SPRINGFIELD – Pat Quinn and Adam Brown couldn’t be more different. Quinn is a Chicago Democrat, Brown a Decatur Republican. Quinn holds the top executive office in the state. Brown is one of 118 state representatives.
But Wednesday saw a first for both: Quinn gave his first budget address as governor; Brown listened to his first budget address as a state representative.
Brown is part of a Freshmen Class that later will cast their votes on a budget for the state.
“It’s great to be here. I love it. It’s humbling to be here,” Brown said. “I’m the youngest member of theGeneral Assembly so we have some serious concerns not only for our generation, but for the next generation. We’ve got to take a look at the future of Illinois.”
Most of the first-timers are Republicans who came into office on the anti-incumbent wave that characterized nearly every 2010 contest. They campaigned on fixing the state’s notorious budget problems, mainly through shrinking spending.
Quinn’s proposed budget of $35.4 billion is an increase over last year’s spending. The governor’s administration says this is because their budget makes all the payments it’s obligated to, something that hasn’t happened in the past.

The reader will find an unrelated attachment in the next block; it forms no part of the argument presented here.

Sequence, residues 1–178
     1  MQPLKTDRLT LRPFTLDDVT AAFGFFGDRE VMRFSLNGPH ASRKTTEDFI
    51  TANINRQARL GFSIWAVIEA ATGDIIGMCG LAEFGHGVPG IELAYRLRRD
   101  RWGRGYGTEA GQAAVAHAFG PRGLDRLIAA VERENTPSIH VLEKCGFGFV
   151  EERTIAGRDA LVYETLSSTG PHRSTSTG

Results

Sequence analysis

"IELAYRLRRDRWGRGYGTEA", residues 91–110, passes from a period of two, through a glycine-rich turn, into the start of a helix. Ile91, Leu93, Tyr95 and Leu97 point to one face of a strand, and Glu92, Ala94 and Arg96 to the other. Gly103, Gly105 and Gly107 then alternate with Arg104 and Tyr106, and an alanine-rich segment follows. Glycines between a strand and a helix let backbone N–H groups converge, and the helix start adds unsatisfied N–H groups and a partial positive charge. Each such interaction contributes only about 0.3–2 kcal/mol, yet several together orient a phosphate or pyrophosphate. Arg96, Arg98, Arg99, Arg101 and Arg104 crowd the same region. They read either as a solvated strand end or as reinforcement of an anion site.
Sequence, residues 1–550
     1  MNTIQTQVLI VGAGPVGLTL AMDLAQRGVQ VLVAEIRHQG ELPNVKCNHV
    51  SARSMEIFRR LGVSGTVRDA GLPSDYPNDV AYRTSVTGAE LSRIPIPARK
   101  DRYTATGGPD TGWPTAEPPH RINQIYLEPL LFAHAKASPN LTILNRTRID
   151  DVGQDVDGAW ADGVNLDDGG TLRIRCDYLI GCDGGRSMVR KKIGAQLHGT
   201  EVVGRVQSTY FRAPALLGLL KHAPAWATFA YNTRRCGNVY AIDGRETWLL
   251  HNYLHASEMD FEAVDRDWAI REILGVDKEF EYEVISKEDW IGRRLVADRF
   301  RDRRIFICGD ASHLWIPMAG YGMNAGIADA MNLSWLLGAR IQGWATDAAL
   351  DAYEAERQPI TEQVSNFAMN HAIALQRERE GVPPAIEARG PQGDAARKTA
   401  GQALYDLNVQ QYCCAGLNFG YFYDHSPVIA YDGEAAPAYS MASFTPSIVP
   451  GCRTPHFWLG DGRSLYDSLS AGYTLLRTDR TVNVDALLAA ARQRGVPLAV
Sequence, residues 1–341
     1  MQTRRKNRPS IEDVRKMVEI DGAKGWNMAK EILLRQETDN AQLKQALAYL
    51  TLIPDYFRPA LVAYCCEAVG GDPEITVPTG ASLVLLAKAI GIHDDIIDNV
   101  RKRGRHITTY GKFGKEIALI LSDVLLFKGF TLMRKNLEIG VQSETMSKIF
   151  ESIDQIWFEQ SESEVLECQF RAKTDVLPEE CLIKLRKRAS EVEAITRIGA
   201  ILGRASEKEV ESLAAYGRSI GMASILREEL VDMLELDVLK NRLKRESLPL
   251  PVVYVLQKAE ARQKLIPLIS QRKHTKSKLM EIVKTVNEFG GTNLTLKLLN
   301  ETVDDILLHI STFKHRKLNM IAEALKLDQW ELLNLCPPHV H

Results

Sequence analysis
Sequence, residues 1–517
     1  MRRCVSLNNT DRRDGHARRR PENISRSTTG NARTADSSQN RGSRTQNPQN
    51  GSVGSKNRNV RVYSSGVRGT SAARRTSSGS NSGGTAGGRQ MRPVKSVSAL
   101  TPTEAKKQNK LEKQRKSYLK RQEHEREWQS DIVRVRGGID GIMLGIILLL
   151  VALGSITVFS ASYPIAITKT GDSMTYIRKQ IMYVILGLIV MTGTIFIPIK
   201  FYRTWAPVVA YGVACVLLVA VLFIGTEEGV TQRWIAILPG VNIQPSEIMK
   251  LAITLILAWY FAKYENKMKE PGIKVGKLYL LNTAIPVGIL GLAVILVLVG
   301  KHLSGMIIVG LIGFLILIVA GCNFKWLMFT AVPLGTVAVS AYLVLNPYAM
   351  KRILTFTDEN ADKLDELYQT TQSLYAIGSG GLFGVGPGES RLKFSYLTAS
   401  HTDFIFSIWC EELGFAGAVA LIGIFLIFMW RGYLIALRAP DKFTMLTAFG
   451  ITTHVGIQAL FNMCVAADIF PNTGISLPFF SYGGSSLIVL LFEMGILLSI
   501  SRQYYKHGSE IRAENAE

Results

Regardless of explanation, many newcomers question increasing spending and said Quinn’s budget needs serious work.
“This was my first budget address. I am deeply concerned,” Tom Morrison, a GOP representative from Palatine, said. “We haven’t had real cuts made. We still have a huge, huge hole that has to be filled. The tax increase is supposed to be temporary in nature but it doesn’t fill the hole.”
Ron Sandack, a first-time state senator from Lombard, said he hopes Republicans will have some say in the process.
“I’m hoping (the governor) take the bait, sit down with Republican leaders and talk about cuts, and stop spending so much,” Sandack said.
State Rep. Thaddeus Jones, D-Calumet City, said what was presented Wednesday was a good start, but it needs tweaks. He and Brown shared the sentiment that whatever comes forward, it needs to be a bipartisan effort.
“As a freshman legislator, I hope to work with both sides of the aisle to help produce a final budget that can help the people of Illinois and help move our state forward,” Jones said.
Now that Quinn has laid out how he wants the state’s finances to be handled, it is up to the Democratic-controlled Legislature to give its input. Ultimately, both the General Assembly and Quinn have to sign off on the final product.
Individually, Freshmen Class members don’t have a lot of sway in the statehouse. The legislative leaders generally hold the power in Springfield, deciding what legislation moves forward and what dies.
But taken as a group, the newcomers are a substantial voting bloc. Whether they will flex their collective muscle to shape the budget only will become clear over time.